Investigation of E. Coli for Leafy Greens

Investigation of E. Coli for Leafy Greens

WASHINGTON, D.C. — CDC has identified a new outbreak of E. coli infections linked to leafy greens, with cases in the United States and Canada. Data indicates that Fresh Express Sunflower Crisp salads are a likely source of this outbreak. Look for information identifying this product on the front of the package and do not eat, serve, or sell it.

A CDC food safety alert about this investigation has been posted:

Key points:

  • CDC, along with the U.S. Food and Drug Administration (FDA) and several states, is investigating an outbreak of eight coli O157:H7 infections in three states: Minnesota, North Dakota, and Wisconsin.
    • Canada has reported 16 people infected with the same strain.
  • Three people have been hospitalized, including one person who developed hemolytic uremic syndrome, a type of kidney failure. No deaths have been reported
  • This outbreak is caused by a different strain of coli than the current outbreak linked to romaine lettuce from the Salinas, California, growing region.
  • Romaine is one of the ingredients in the Sunflower Crisp salad kit, but the investigation is ongoing to determine what ingredient in the salad kit was contaminated.
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CDC’s advice to consumers, retailers, and restaurants:

  • Do not eat, sell, or serve Fresh Express Sunflower Crisp Chopped Salad Kits with this identifying information:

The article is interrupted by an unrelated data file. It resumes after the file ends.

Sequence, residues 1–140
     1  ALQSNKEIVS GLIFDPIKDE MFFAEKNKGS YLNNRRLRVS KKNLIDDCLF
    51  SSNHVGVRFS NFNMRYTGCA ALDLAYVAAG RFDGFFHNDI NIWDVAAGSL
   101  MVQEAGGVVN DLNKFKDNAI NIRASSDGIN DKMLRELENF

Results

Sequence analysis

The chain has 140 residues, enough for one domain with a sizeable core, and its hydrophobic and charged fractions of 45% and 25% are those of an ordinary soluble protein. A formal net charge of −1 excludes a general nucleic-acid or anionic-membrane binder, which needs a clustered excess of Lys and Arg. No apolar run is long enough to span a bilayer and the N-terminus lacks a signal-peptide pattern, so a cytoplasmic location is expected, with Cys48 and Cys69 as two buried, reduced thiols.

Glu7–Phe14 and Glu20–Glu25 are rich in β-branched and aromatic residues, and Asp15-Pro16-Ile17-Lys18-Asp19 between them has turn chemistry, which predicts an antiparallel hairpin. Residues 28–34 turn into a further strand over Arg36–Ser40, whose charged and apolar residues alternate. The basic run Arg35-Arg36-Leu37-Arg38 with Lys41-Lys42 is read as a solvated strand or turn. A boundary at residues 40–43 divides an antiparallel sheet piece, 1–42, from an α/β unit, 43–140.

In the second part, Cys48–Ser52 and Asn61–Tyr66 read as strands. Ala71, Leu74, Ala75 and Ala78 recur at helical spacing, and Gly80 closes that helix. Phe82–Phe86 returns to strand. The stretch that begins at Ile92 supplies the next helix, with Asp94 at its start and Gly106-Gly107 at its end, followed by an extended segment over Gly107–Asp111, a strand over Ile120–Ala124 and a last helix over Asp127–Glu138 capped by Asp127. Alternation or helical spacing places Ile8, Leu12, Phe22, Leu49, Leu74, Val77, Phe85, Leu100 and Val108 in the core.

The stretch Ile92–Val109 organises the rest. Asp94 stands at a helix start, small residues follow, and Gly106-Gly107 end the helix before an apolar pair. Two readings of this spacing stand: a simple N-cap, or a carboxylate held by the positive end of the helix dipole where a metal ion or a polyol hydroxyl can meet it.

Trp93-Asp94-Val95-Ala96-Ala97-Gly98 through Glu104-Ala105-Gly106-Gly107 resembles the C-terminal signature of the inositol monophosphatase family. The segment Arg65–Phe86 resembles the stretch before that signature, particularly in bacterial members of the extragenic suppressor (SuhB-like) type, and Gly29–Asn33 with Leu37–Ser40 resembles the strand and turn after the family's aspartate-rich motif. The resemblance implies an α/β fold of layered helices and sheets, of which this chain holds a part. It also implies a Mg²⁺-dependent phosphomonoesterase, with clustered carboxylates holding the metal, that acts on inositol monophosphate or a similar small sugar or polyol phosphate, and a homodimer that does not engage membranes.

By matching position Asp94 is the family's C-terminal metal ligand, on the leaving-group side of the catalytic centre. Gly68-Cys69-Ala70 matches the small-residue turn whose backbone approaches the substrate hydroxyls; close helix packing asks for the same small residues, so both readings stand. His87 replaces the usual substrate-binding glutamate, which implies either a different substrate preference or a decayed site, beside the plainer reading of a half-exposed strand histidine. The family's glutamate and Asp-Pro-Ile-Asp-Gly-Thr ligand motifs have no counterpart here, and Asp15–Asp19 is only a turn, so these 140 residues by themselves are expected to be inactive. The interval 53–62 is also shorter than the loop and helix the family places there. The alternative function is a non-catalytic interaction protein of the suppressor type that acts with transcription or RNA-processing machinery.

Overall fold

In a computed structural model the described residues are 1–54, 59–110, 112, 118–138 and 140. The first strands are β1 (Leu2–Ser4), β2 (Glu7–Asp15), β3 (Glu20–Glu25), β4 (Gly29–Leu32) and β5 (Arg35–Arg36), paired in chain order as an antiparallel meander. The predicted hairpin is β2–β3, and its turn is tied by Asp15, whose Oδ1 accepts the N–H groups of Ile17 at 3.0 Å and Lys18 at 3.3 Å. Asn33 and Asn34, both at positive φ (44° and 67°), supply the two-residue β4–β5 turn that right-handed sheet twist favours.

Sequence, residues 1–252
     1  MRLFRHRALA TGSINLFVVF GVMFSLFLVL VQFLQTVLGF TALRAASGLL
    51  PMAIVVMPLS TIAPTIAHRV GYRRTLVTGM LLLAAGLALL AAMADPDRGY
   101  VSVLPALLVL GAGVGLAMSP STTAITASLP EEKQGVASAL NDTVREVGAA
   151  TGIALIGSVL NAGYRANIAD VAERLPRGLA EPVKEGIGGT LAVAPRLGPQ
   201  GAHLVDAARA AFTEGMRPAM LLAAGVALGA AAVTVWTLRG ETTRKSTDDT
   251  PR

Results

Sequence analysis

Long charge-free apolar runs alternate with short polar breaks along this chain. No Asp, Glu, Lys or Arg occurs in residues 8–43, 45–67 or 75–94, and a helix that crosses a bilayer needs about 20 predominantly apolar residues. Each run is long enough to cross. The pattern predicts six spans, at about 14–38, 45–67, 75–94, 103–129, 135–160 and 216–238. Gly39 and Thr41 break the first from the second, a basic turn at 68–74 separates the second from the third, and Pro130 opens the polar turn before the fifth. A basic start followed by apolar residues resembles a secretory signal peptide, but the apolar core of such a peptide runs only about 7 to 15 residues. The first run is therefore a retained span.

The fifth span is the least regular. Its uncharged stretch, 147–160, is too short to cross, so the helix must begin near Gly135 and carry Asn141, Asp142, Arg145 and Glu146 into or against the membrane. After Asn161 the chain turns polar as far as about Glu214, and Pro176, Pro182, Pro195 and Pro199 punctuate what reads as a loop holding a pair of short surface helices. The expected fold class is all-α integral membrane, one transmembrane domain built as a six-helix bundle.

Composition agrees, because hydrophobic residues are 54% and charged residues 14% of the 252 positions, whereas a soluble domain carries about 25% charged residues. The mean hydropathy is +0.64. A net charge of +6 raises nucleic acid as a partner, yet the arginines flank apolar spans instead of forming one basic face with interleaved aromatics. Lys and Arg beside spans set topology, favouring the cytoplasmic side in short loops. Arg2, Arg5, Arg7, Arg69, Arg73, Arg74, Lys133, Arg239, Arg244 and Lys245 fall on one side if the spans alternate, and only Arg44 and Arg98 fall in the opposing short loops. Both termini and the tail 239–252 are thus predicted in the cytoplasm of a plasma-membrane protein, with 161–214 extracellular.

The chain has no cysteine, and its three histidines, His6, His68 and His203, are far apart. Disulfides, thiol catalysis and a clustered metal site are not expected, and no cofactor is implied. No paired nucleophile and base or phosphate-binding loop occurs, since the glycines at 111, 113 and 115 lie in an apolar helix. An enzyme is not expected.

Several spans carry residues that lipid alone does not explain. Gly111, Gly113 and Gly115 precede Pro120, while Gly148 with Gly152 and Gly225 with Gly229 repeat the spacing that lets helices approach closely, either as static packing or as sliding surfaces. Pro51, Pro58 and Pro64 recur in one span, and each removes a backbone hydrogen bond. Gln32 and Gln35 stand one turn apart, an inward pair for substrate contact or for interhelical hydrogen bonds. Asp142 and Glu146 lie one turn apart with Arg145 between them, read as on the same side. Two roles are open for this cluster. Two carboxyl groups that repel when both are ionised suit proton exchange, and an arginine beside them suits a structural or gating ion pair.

• UPC 0 71279 30906 4, beginning with lot code Z, and a best-before date up to and including 07DEC19.
    • This information is printed on the front of the bag in the top right corner.
    • Retailers and restaurants should not sell or serve this salad kit.

About Shiga toxin-producing E. coli:

  • People get sick from Shiga toxin-producing E. coli an average of 3 to 4 days after swallowing the germ. Most people get diarrhea (often bloody), severe stomach cramps, and vomiting.
  • Most people recover within a week, but some illnesses can last longer and be more severe.
  • Antibiotics are not recommended for patients with suspected E. coli infections until diagnostic testing can be performed and E. coli infection is ruled out.
  • For more information on E.
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If you have questions about cases in a specific state, please call that state’s health department.

Source: Centers for Disease Control and Prevention

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